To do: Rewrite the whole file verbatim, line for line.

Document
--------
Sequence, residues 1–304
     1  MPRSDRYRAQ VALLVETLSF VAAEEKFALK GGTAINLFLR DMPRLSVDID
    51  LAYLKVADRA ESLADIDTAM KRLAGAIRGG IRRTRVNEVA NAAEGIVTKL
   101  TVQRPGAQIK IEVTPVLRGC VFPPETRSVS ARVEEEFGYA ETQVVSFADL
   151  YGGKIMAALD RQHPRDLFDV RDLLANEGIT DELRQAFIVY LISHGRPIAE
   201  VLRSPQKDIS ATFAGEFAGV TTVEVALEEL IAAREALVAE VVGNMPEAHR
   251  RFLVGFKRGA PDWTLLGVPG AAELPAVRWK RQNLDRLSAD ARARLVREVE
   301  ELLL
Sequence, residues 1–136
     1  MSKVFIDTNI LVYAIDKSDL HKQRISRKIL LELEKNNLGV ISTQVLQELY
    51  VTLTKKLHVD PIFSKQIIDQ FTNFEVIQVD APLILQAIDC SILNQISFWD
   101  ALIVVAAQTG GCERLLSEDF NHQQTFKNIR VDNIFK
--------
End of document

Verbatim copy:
Sequence, residues 1–304
     1  MPRSDRYRAQ VALLVETLSF VAAEEKFALK GGTAINLFLR DMPRLSVDID
    51  LAYLKVADRA ESLADIDTAM KRLAGAIRGG IRRTRVNEVA NAAEGIVTKL
   101  TVQRPGAQIK IEVTPVLRGC VFPPETRSVS ARVEEEFGYA ETQVVSFADL
   151  YGGKIMAALD RQHPRDLFDV RDLLANEGIT DELRQAFIVY LISHGRPIAE
   201  VLRSPQKDIS ATFAGEFAGV TTVEVALEEL IAAREALVAE VVGNMPEAHR
   251  RFLVGFKRGA PDWTLLGVPG AAELPAVRWK RQNLDRLSAD ARARLVREVE
   301  ELLL
Sequence, residues 1–136
     1  MSKVFIDTNI LVYAIDKSDL HKQRISRKIL LELEKNNLGV ISTQVLQELY
    51  VTLTKKLHVD PIFSKQIIDQ FTNFEVIQVD APLILQAIDC SILNQISFWD
   101  ALIVVAAQTG GCERLLSEDF NHQQTFKNIR VDNIFK